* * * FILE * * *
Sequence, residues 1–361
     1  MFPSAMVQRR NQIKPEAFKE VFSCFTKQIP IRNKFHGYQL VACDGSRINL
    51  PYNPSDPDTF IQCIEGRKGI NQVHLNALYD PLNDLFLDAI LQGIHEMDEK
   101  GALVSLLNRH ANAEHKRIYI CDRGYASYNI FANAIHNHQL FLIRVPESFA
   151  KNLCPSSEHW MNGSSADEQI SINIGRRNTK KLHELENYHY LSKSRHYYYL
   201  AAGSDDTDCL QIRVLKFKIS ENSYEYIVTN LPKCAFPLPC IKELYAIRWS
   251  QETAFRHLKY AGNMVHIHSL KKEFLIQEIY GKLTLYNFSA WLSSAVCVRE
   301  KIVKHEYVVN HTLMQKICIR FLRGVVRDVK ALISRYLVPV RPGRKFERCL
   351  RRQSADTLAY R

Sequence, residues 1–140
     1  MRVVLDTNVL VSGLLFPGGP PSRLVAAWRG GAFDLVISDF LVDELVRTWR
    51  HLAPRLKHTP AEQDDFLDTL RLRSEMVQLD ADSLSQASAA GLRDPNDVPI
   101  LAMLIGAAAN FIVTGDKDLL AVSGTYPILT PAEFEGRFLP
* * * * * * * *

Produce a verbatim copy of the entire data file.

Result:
Sequence, residues 1–361
     1  MFPSAMVQRR NQIKPEAFKE VFSCFTKQIP IRNKFHGYQL VACDGSRINL
    51  PYNPSDPDTF IQCIEGRKGI NQVHLNALYD PLNDLFLDAI LQGIHEMDEK
   101  GALVSLLNRH ANAEHKRIYI CDRGYASYNI FANAIHNHQL FLIRVPESFA
   151  KNLCPSSEHW MNGSSADEQI SINIGRRNTK KLHELENYHY LSKSRHYYYL
   201  AAGSDDTDCL QIRVLKFKIS ENSYEYIVTN LPKCAFPLPC IKELYAIRWS
   251  QETAFRHLKY AGNMVHIHSL KKEFLIQEIY GKLTLYNFSA WLSSAVCVRE
   301  KIVKHEYVVN HTLMQKICIR FLRGVVRDVK ALISRYLVPV RPGRKFERCL
   351  RRQSADTLAY R

Sequence, residues 1–140
     1  MRVVLDTNVL VSGLLFPGGP PSRLVAAWRG GAFDLVISDF LVDELVRTWR
    51  HLAPRLKHTP AEQDDFLDTL RLRSEMVQLD ADSLSQASAA GLRDPNDVPI
   101  LAMLIGAAAN FIVTGDKDLL AVSGTYPILT PAEFEGRFLP